a little bit more local and sustainable foods in the stadiums we help with that you sense a sense of humble eso is a man about town he was in my saddle one hundred project I don't have enough good things to say about him you should pay attention on the internet if you will he's also been recognized by the james beard foundation and number from ways and ways just super lucky to have you here created live and in seattle so take it away thanks thanks for coming instead of girl here and you know with steffy thing we were lucky to have a little bit of conversation with him in the hallway before we came in here we found that he is an awesome food stylist credit there chef I mean don't don't don't don't underestimate what you can do but he has a cookbook out amazing cookbook and he was talking about it and it's called the italian kitchen and he food styled every single dish way over website something like that and the west side so it's fun I mean I enjoy that's a nice it's a nice process is different than different cooking you know in in the kitchen and you know serving food when it's really fast paced thing you got to slow down a little bit more about attention to detail and you fear at shadows you know, plate quality and all kinds of different lighting scenarios since I mean it's a lot of fun to actually work on it you know? I mean we've done it with a donor with the same photographer probably literally probably two hundred times and he's fun to work with we get along really well and it's it just ends up being a really enjoyable experience to do tell us a little bit more about the great cookbook that I get my hands on way so it was a book we we did and it was never it was never really meant oh, you know, to be a source of revenue and like that it was really something so you have is a market material something you can easily give away for donations and something that's you know, every young cooks goal at some point is the publisher cookbook, so we have the opportunity to do that with ten speed press and they were great to work with and it was it was a fun project and lesley miller, the co author of myself we became good friends and I drank way too many o tio particularly everybody here we're all food photographers and just probably want to know more about the food photography in the book. But how long did it take you to shoot that we did it over? Probably about we did way did probably two hundred fifty dishes of which probably about one hundred fifty of murder in the book. So we did different locations. We did some up from the islands like so would the island we did some it into his knowledge as we did some house would use some of my parent's house where we're going to find good light, you know, you got it like overcast s so we did that we did that and it was probably turn pretty shots and each day you probably get six or eight in if you're if you're doing but you know, if you're going pretty fast eso whatever the math is on that ah there's a lot of people who aspire to shoot cookbooks and complex and it's great for them to know like it's not an overnight thing, it just takes so much time and planning it takes a lot of time for sure it's just like that it's all about the light. So you said that it's so light and having it even, you know the thing I think I've found that I like I like about the process is that is that you wanted to look really natural I mean, there's a lot of food stylist books out there that, uh, that try to glaze things and kind of, you know, set them in a certain way so that they're not going to reflect anything. I like the natural approach to it, you know, I like my food actually looked like food, you know? And I like, you know, like the you know, the freshness of the fish, you know, it would come through it's like for us it's not like, you know, if we're cooking halibut for a photo shoot we want to get the freshest halibut is going to come across as being the best is that you know everything this looks different when it's the freshest you know and and it's just been this makes the experience better you work with nice product, you know, sometimes it was a shoot those really quick you got to eat the food ah see you say that cause we've been kind of talking about over the last day and a half but we keep, like, pounding it in light light great ingredients and shooting fresh because that's our style tio it's just like that's what? Just feel so really and I think that's why we love you and your work and your food so much is it just feels really well, I think that's where you know you're so drawn and I like how you said that you become friends with the people that you work with. Yeah, the same photographer something we talked about you build that relationship photography is like so much about relationships. I mean, it's a menace is like anything else. I mean, if you're like in a kitchen and you know five cooks and they're working, if they all get along really well, the whole night's gonna go better and the whole experience for the customers me better all that energy is gonna translate and the same thing with the photo shoot you know, if you're if you and the few and the photographer are in sync and enjoying the day if you're not going to be american I have a tendency that you know the hurry through it you're gonna you're gonna take more time and you just like when you're cooking so much of how much you know how positive your mood is that day translates into things you know you want to go that extra step we're just like a little e just moving in you know, in english pea a quarter of an inch to the left could make a difference you know in all honesty is true I mean so through that way had internet and two people here were making us like change the way we talked about you like with food photography in particular is so much about those details it's like the details make the difference between being there or it's like that's it that's it like foods are vietnamese kind like bedhead don't you get a morning sometimes you like what I want but you get up in your hair's like ok, that looks pretty good too bad I gotta washington food the same thing that you wanted to look you wanted to look uh like you even though your every action was you know had purpose behind it you want to have it look like it was just kind of like laid out there, you know, not thrown out there kind of gently laid out there and it's this felt natural were so in sync right now you heard it from me and two we're not just talking crazies so it's awesome and we always want to know because you have an amazing family restaurants in their own neighbourhood restaurants and that's what we love to and I think that's what people resonate too because we're going to your your restaurants they feel so real and your photographs to feel so real they'd feel unique bates have their own personality their own lives, dates of their own identity at the same time there's an underlying continue it between them you know it's they you know it's again go in so I get how you're going to get a great experience will be a different experience but will be great so in terms of that how important is food photography to get to make it consistent across all your restaurants? Do you allow each rest straw to kind of have their own voice and the photography yeah, you know what's that write the will obviously think it's using because we, you know, have you used the same person and work with the same person for the last seven, seven, seven years now a little bit more than seventy years um um s o I obviously final to be hugely important because it's just like when you go out to dinner in the end you and you have ah here entree or your appetizer placed in front of the first interaction you have is visual so it's the same thing on the website in your hair and your photography in your book or you are on the website uh your first interaction is visual does it has to be that's just the first thing that happens you know visual happens and smells happened when you taste it touch it things like that but with site is the first thing you see um s o the answer the answer teo letting other people have their own voice yes, I do the people that are the chefs of the reference I think they should be in charge of it I go over in depth conversations with them but how did you do it and what you're looking for things like hey don't use too much salt and that in fact on vegetables you invest with values any soul you know you know you know accepting the initial blanching process of like peas or asparagus that kind of set the color we don't use a lot of acid because if you're using acid so you're doing a you know, an aqi tuna dish and you cut it it's got that really bright I like a naughty tuna has and it's really deeply assumes you squeeze lemon on it is going to start cooking it's going to come round so it's little things like that I kind of explain to him and if they haven't done it before, I tend to go with them and do it but I do want their food you know to come through you know I mean as far as faras guiding it you know I mean honestly there are role is is significant but it's less significant than a photographer because the photographers the one who's actually has the voice of how they handle things and you know what kind of backdrops they use where they you know what kind of lightning they prefer, how they commute things? S o you know, having having our star jeff who we work with his jeff smith live it loud dot com he's he's great, so he keeps our everything on the same level for us. So there's there's certainly different variations of things because obviously the food market is certainly differently through the stable in fancy and have a lot of different than anchovies olives so but all these things are different, but they know that you know, it has a common thread message through the work that jeff does and we know you're on twitter because we've been twittering out to you the last way twitter because everybody's so excited that you're here but you know social media so huge now and burning and marketing and we know photography at least with us working with clients like they use a huge part of photography and social media so how important it is to you guys and your family and it's huge it's huge because they think it's you know I mean you know I'm a big believer in positive impressions you wanna have some sort of an impact or or or or message to somebody you just want to remind them the year there so if you're talking about sending out you know on instagram picture or something like that it's it's it's something that's you know that's their they open it up they look at it they see it and so that's the you know he goes back to what I said the first time you know photography's of is the is the first sense you use when you're eating I went after the site is the first thing you see s o you know whether it's you know in a cookbook on our website you know on a facebook post or whatever it may be sight huge you know people that knows nothing better than people of knowing what they're gonna get you know hey that looks really good I want to go get that so yeah it's it's the it's the last one to see you know social media you can't you know maybe one day we will but of scratches stiffs moans can t o meet you there in that for me maybe maybe you can tap into like the cool one day one of the questions so many students have and everybody online is is they ask is is the food real and obviously you've already established that everything is really everything is fresh the question is once you see the photo do you ever make changes? Do you ever decide that because the photo didn't look good that you might wanna work on the rescue a little bit more water plating we've done we've done um I guess the simple answer is is is you see where you make me might make some changes next time you know I'm a believer in letting letting letting it be natural so what once we've done it we've done it you know? So you know I mean you're not coming tonight we don't do a lot of you know there's obviously some editing it's like there's too much broth pulling up in one area or the soup kind of slosh this way you know race that a little bit but uh you know you see it and you and you learn what works I mean you know I mean, you know that's how that's how I learned to do my own personal food stein was looking at the photographs and fair what I did wrong you know so far is for my own education you know, you go back and look at the work you've done, and I think if you look if there was some way that there probably is, but if you could figure out all the food styling I did along the way, I would guess that that it's progress, you know, I would maxim sure had but, you know, it definitely progresses over time and you understand how things work a little bit better each time you do it, so yeah, I mean, it might be changing dishes on the menu based upon photographs, right? Not a lot, you know? Probably not a lot, but I am I'm changing how how I personally style food, so for your cookbook, when you're developing your recipes because it cookbook is so visual we're selling based on the photo, they can't really taste it right away like they go in the restaurant, so when you're developing those recipes, are you thinking about photography and foot styling to became about how it could photograph? No, I think I think I think are you know, I don't think this isn't this isn't to say that we do he thinks anything, anything extraordinary special I think our style of food uh, is a very food, photography friendly stab of food there's a lot of fresh things, not a lot of like spice rubs or you know you know big you know big pure azour foams and things like that that are doing it's just natural looking food and it's so I think that's I think that's what that's where you know where are our style it is you know comes through you know like things and things like you know instead of instead of pay attention to a bunch of really heavily involved sauces are hugely involved dishes way want to make sure that we're slicing radishes it's a perfect slice or if we're cutting asparagus it's a perfect cut so that you know that that's kind of where I think that we where where where where? It's where it's it's very friendly to photography but you make a great point it's not just friendly because it's fresh and like food photography becomes so much easier when it's fresh you know when you want to focus on shooting fake food or complicated things it makes photography more complicated so that's really great times those visually interesting ingredients they're delicious there's a reason why the visual interesting that that color those pops they bring flavor into the dishes too so it's like you're sorry to give it's like the two were working together even though they don't even know if that's right? Yeah, I mean and like things like, you know when ain't everybody's head english peas and eat him and they're super sweet and fresh uh this been simply blanche a little bit of salty water those are delicious and translates to you know, you know, to a photograph really well, when it's late in the season and the and the and the peas are a little bit tough, they're kind of woody there a little bit overgrown that's when it looks rough place so if you're doing things you know, it's and it's a very natural things were very much in tune with nature, we're doing things at their peak then you're just gonna you're gonna be you and me in a good spot and you know, you haven't seen any of the images yet you have just won hee yeah, I guess I get a little bit I said don't use a lot of acid and a lot of soul, okay, yeah, you weren't there. So what do you want to share some images with you? And we have them in print for you to share and also this is an opportunity for you to critique chef joe's food styling skills. I will I did not touch anything. Okay, well, I'll critique it was joe and monica, they're great sports about doing them, they're really excited about that actually, and before you know if you can see his socks, it has like that that was awesome socks, he's rock, so yeah I show you again seen has not seen anybody not be sure I just saw a little bit so remember food styling is not me but if I don't they're really nice people like them like them that's when did better who did better monica they're both great you had to pick one no e fire one super cute one superhot okay so you got good looking chefs so part of what we do with clients is once we photograph a lot of images we put them in what's cuddle storyboard so that way kind of helps the agency of their client be able to see the images in a different way based on our perspective so it's not just something that's so literal on a plate it's everything else within the environment to help boost the story of the plate so we put a little storyboard for this crispy skin fish dish uh was a skin crispy enough? Yeah, sorry jail because it does the uh I think they look great. I think that there's a couple of things that I probably would have done a little bit differently but but nothing big by any means I mean, you know, it certainly looks like like that's my favorite picture which is the hand holding a plate yep. Handling the plate I like that picture because it's down and it's got a very clear vision and every every kind of color picked you know kind of pops and it's and I love action shots really? Okay, I'm biting and thus I think it's great you know and and and this one's an awesome picture to love that we have a lot for you to to see later but these are just some of the ones that we picked up because he felt this was kind of the story of the crispy what is the actual name of the dish we just call it crispy fish people it's stable fish abel abel fish and you know the truth I mean there's radishes meant pete jeez, I don't know what the puree is. I'm guessing it's some sort of like a mentally or something along those lines that's what looks like it looks like right so that joe's not fired yet e monica's chop gentlemen to do with two way to keep them out of the conversation we're gonna have trouble up there. That picture looks great in that format. Yeah, yeah, the way we like to do this story board in the mood board because it helps convey the story it's nice to be a few feet back. Yeah, great. So you can look I'll give you the print version you could look at that that's actually a great point was like different picked or different pictures will like better in different continents lighting like the lighting right years totally different planet that's why? You know we could always try to show a different format so I can give you the print or you can look around the next one but this is the thie ceviche dish I think of how much of it and actually here it is up here with a little cilantro wise that's a delicious dish but I have it so good how's the plating is the ice to milty no no no I think it looks good I think it looks good it's not it's, not it's, not nothing at all of them then the bomb we had to shoot that like place I'm sure thiss monica's this is monica's dish this is monica says she did great. Did you decide to make a really hard thing? This mean here where you got food coming up? I'm gonna do some ice no I'm way love heart stuff but that's the story of the machi especially with their plating in the bottom left hand corner to you we like a little a lot of that activity shot definitely love hands and there I love wood and things you know you have the floor there say that your floor yeah, you know, if you saw the video clip that we were doing yoga that's joe's hand corner do in dog pose going like this we'll get that I was over there with a minute trying do not cramp up you know, trying to get that because we do we love that activity because adding a little bit of that movement or attention within a frame really makes it so real so much more interesting you know, I mean just background things at least a little little thing about having a knife there you know? I mean that's awesome, you know, and just little things like monica's tattoo you see down here so good a little bit of personalities as monica and then that was joe marking up with the menu because we want to give that little bit of show the menu without making it feel so literal like boom here's a menu so we had a market out make it feel like chef was kind of working and changing or whatever it is he's doing the menu for the day so good thing did good they did good, so we did some portraiture some pretty shots of your people here this's a lesson for everybody else to kind of show different ways to capture portraiture its not just in like pretty smiley faces like we have in the bottom right hand quarter but they're a little more intimate it a little more still life little more natural smile and wave good these two pictures here you know what we did to get a smile? I know it wasn't don't you said do you like your job she was just like you are a great no but I mean they were just really great and part of it too is to show the people that work with you know, the restaurant both and like really formal what we call a safe shot you know kind of the formal thing but also that kind of very natural state because we know because your restaurant and your people they're just so real and so natural so we felt that you know you got to get to safe shot for clients and that's what we teach but also getting them in their four men I feel like the top right hand corner of monica that's her just kind of kind of an artist and quiet kind of like does her thing and her is that she has such a nice smile she does hair super cute yeah she's having long hair because booth bottle left one feels like a like a jean commercial or something like that you have that look you know but it's still a great a different interpretation of portraiture is what we show and you know you had great people to start with so you hired good looking people thank you and go home but if you wear those socks will get a job right away and then this is another one of just still life um restaurant detail because that restaurant is small it's only twenty eight if person tiny so we tried the best I could six hundred square feet I almost never including the kitchen it's, including kitchen and the bathroom way. We're really up against the wall. I almost broke three glasses, but he didn't chase owns a piece of me. Oh, yeah, here it is on screen capturing those different still life, you know, including movement to having monica move back and forth. She was a sport I'm trying to give her as many props as possible. She was a robot for, like, five minutes back trying to get that shot shooting on the floor again capturing the ever popular wall that you have there but shooting a top down with light coming down. So that's your that's as much as we could catch in that eight hundred square feet, I mean it's so tiny it is it's just incredible is amazing how you fight there is there is, though it's amazing how you rent us a successful restaurant. We have to always do a black the white interpretation of images because sometimes people think food photography can't happen in black and white, it should always be in color. So this is a mock up to kind of give clients an idea or others an idea of how some images can work it's so cruel of the apron saying, yeah what's going on you like that it's like it's like they were done years that's what you like the aprons to you like wait oh my god I've just been talking about aprons like diane get over the apron talk okay let's teach me something different she's gonna move on his shoes next so yeah that's created and you have you ever used black and whites here we haven't we haven't um uh not for any particular reason you know I mean we just haven't done it wave when there's been kind of in color the restaurant is just so visual for black and white especially with the light coming in and the cars they graze in the black shadowing it has a clean lines to everything it just really give it up give it a few years banged up a little bit it actually looks better so you paid big money to get banged up stuff way and this is just one of the hero shots that we point out that probably what everyone's favorite the floor called the wiggle wiggle ingredient wiggle wiggle you get e have a craft beer from it but yeah just a highlight your fresh ingredients to the goals ok they use so many fresh ingredients colorful ingredients how can we highlight them toward it doesn't look like the typical farmer's market basket so being at being showing like less is more there's not a lot of ingredients is just a little bit the little bits and pieces of everything and injecting that little bit of motion tip it broken off there. I don't know I didn't do it. I can tell right on this, I think that's a really good photo shop it like you pick up a tip of the knife you're like this's very depressing. Maybe it looks like maybe maybe just used because he's busy he's worked so hard to make good food. So our team, jos this's. Probably my favorite shot because it's, just something that really I feel exemplifies the story of marketing. Kind of the personality and the branding and the simplicity and the wonderful vision. You guys. Hey, prints wear on the same page, you it's an awesome picture. Little scooter. Got check, presenter, lets get this is the sharpie pen in a kitchen. Apron is like super awesome it's red. There are, like killers rented, but it's a good job. And that was monica right down there. Because if you caught in the cell in the video, we were trying to put as many different things that had market, innit? Some of them work. Some didn't. But this was just this one's awesome. This because it's, this feels real because, like the pen, is a nice detail in an apron, because every chef has a pen right there because they're labeling things dating things they want things to be fresh of you know the more you know about what day they came in, you know, so that's good that's awesome and this has got it feels good but it has a little bit of a weather it's like it's been presented a few times it wasn't intentional it just felt real and that's part of it, everything was so real none of the aprons were stage two step they just set it up we needed a third one so they just put it up we didn't bust with it or mess with it some people if they looked at they would say, well, can you fix this and that and and we don't want to do that because it feel like that was no it's great it's great. You guys glad you like that? Because I was talking about a different e no, I yeah sometimes but but if you like a princess right picture budget like it well, gosh, you know, thank you so much for allowing us to take over your restaurant for four hours. Thanks. Thanks a ton. Experience on a place yeah, we've got some questions over here way sure do always questions I would love to start with you guys you guys have any questions for ethan? And when you think about it, we got one from the internet enters day. When we just announced that that you were going to be here, this crowd, they're like a way to get through it. You have done a lot for the city, and I am pleased to live here way I, you're up here, and I feel very committed to seattle on. We want to make sure the city's head to the right direction, and, you know, every little part we could do to, you know, to get involved, we do. Simple is that way. Don't we don't think of ourselves as a cz, huge members of the community, but we feel like we're you know, we're one of the worker bees that's down there, trying to make this city great.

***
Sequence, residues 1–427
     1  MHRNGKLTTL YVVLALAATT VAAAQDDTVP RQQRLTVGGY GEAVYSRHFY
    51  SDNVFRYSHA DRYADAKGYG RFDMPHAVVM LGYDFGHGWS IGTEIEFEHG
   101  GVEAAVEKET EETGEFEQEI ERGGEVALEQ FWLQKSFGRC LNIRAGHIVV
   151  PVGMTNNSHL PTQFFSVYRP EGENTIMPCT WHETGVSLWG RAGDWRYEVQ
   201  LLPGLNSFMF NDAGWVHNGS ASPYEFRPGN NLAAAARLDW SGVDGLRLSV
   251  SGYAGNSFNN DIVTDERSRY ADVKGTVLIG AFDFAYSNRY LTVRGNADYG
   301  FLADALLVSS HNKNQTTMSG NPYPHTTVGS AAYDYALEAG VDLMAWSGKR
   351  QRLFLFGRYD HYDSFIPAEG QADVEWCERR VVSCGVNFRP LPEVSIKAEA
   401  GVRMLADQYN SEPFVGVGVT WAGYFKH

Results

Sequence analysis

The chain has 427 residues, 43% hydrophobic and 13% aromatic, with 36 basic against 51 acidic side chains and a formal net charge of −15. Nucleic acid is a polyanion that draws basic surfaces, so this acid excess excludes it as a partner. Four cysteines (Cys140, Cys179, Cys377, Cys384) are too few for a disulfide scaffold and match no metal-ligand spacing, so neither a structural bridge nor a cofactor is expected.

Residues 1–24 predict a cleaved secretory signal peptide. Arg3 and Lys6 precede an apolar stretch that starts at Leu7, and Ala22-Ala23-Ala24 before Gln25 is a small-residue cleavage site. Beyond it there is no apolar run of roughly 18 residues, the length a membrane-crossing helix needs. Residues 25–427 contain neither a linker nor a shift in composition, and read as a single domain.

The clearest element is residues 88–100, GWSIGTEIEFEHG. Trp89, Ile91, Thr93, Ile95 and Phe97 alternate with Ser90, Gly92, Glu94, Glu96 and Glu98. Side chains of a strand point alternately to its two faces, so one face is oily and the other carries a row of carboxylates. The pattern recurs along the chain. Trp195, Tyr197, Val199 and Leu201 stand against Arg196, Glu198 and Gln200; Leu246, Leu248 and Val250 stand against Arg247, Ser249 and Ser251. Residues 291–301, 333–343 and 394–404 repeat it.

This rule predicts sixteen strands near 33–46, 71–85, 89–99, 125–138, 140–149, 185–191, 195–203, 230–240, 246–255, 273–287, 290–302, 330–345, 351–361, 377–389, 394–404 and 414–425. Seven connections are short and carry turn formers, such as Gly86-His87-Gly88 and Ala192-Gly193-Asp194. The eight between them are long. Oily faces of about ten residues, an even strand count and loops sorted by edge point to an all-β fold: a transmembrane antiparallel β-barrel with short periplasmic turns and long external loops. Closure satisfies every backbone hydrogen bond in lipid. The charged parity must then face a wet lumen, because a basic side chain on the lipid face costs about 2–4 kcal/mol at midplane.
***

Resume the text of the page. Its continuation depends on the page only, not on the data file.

Class Materials